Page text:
The Klamath River, a vital and sacred waterway for the indigenous tribes of the region, is witnessing a monumental shift towards ecological and cultural restoration. The Klamath River Renewal Corporation (KRRC), in a collaborative effort with the Yurok Tribe and the Shasta Indian Nation, has embarked on a journey to dismantle the Klamath Hydroelectric Project, which has obstructed the river’s natural flow and fish passage for over a century. This initiative, which officially commenced in June 2023, is not merely an environmental project but a profound step towards healing and reviving the river’s ecosystems and the cultural ties that bind the indigenous communities to it.
A significant focus of this restoration is the removal of the Copco No. 2 dam, which since its completion in 1925, has diverted the river, dewatering a historically rich river canyon and allowing a dense stand of trees to colonize the riverbed. The removal process, meticulously planned and executed, ensures minimal environmental impact and safety. The dam’s removal and footprint restoration are slated to conclude by the end of October, with an official announcement anticipated from KRRC. The removal signifies not just a physical alteration but a step towards reviving a scenic stretch of river canyon, rehydrating ecosystems, and potentially improving conditions for local wildlife.
The restoration extends beyond the physical removal of the dam to include ecological efforts, such as the replanting of oak woodlands, which have significant ecological and cultural importance. Gwen Santos has been spearheading acorn collection efforts, vital for replanting tens of acres of oak woodland that were submerged when the Klamath dams and reservoirs were created. She expressed, “So, oaks are such an important species and we’ve been collecting acorns throughout the years, but what we’ve noticed in our fifth year of collection here, 2023, is that oaks do kind of share resources together and it seems to be on a regional level.”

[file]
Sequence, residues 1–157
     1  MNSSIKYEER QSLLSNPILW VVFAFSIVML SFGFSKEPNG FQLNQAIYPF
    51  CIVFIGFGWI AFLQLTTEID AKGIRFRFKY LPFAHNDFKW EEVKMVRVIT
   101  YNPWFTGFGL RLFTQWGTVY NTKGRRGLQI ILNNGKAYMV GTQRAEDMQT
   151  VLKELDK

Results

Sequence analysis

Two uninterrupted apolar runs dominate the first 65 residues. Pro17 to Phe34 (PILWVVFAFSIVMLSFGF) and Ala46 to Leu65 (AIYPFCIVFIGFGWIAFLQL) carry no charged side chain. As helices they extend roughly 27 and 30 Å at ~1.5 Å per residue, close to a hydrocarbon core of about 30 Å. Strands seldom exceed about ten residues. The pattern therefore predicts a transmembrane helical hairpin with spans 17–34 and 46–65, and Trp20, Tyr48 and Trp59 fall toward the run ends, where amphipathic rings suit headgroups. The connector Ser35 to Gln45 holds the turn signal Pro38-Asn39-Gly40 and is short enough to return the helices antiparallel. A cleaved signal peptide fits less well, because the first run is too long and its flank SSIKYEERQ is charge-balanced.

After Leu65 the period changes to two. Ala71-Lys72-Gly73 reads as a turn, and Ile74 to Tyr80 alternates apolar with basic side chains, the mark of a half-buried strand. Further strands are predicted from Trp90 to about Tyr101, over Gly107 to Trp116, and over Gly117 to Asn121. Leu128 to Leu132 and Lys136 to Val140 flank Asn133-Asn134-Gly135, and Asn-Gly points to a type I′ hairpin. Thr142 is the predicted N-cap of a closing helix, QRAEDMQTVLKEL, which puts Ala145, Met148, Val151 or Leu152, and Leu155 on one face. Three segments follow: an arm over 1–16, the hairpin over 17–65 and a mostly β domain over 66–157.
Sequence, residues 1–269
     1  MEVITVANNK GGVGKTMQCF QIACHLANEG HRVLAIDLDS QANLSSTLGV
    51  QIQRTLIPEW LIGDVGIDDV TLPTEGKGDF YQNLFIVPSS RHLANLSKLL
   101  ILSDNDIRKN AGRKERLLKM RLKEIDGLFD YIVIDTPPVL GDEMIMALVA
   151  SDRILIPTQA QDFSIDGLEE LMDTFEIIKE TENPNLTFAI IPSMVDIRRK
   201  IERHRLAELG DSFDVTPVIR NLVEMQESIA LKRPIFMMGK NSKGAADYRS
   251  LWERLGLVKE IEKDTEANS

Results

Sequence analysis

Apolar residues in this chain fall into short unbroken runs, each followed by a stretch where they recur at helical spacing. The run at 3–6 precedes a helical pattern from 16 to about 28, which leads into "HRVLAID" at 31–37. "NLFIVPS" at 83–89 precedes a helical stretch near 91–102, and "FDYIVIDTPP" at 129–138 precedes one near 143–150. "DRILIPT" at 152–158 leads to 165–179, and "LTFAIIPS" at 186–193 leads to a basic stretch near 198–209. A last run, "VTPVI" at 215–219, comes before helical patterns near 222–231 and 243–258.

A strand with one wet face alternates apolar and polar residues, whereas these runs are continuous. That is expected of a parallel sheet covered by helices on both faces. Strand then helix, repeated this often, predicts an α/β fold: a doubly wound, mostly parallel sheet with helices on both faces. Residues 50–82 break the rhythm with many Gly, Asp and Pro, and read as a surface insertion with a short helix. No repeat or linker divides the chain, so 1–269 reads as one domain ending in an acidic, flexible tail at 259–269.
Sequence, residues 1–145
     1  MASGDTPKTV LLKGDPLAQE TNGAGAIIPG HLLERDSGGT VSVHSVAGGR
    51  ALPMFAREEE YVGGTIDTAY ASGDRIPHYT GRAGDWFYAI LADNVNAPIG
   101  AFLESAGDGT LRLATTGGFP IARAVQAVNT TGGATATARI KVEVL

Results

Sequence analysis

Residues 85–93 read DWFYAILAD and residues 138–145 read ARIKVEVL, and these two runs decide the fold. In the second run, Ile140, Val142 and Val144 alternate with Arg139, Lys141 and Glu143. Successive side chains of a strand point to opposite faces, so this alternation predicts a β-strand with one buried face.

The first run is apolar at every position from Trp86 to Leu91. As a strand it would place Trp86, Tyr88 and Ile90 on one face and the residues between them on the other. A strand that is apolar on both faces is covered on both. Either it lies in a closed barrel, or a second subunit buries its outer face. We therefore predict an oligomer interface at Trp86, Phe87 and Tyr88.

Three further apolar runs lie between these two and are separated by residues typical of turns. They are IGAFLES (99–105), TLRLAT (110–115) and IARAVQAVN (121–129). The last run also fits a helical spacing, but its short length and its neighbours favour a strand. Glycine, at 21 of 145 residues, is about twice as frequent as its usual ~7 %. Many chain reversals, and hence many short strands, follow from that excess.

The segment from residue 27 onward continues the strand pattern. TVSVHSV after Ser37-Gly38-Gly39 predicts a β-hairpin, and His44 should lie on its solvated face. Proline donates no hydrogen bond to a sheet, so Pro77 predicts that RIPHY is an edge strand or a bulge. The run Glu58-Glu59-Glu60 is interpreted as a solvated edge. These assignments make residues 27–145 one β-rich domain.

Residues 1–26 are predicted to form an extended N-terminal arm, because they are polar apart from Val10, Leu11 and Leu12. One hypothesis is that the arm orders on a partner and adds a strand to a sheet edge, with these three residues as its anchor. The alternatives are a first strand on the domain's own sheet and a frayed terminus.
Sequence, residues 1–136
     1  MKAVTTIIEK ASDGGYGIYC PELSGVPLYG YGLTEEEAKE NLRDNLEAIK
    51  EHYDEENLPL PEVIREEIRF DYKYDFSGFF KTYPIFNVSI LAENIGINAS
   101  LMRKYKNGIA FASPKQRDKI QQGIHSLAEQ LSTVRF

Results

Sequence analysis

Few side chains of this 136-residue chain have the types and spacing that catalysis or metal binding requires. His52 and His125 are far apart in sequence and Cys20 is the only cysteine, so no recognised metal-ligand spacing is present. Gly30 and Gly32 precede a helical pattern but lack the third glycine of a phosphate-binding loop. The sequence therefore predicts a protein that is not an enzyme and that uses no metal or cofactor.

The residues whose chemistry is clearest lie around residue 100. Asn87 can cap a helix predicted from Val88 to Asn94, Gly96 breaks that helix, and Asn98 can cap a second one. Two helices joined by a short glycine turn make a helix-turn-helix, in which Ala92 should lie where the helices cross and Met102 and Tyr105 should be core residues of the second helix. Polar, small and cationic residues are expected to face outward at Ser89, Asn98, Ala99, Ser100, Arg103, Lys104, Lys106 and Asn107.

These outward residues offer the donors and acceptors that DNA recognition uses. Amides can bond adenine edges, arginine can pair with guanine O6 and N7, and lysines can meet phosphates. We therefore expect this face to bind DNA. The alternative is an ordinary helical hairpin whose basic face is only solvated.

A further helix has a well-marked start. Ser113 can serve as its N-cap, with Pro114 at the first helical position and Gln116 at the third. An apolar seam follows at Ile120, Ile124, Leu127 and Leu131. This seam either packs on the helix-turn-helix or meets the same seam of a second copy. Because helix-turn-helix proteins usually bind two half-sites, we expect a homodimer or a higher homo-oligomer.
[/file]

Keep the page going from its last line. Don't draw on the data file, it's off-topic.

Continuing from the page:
The temporary boat ramp adjacent to the former Iron Gate Boat Ramp has been made available for public use, ensuring that recreational activities can continue amidst the ongoing projects. The new permanent Iron Gate Boat Ramp, scheduled for completion in mid-October, will replace the temporary structure, demonstrating KRRC’s commitment to facilitating public access and enjoyment of the river. However, for public safety during the drawdown and dam removal process, the new Iron Gate Boat Ramp will be temporarily closed from the end of December and is expected to reopen in Fall 2024.
The Yurok Tribe, with over 6,400 enrolled members, and the Shasta Indian Nation, with approximately 300 enrolled members, have been pivotal in this restoration, focusing on major initiatives like fisheries restoration, Klamath dam removal, and cultural preservation. Yurok Vice Chairman Frankie Myers shared, “It fills my heart to know that salmon will migrate through this river reach on their way to spawn in the upper basin.” Similarly, Shasta Indian Nation Councilman Mike Olson conveyed, “My family is from Kikacéki. I feel at peace whenever I come up here. I know as a Shasta Indian that I’m home.”
The restoration of the Klamath River, while ensuring the revival of natural landscapes and ecosystems, also intertwines with the revitalization of local communities and economies. The KRRC’s communication and engagement with the public, including providing updates and addressing inquiries, reflect an approach that values transparency and public involvement. The ongoing projects, while focused on environmental restoration, also reflect a balance between ecological recovery, public access, safety, and community engagement, embodying a holistic approach to river restoration. The endeavor is not merely a local endeavor but stands as a symbol of dam removal and river restoration efforts globally, intertwining environmental stewardship with cultural and community revitalization.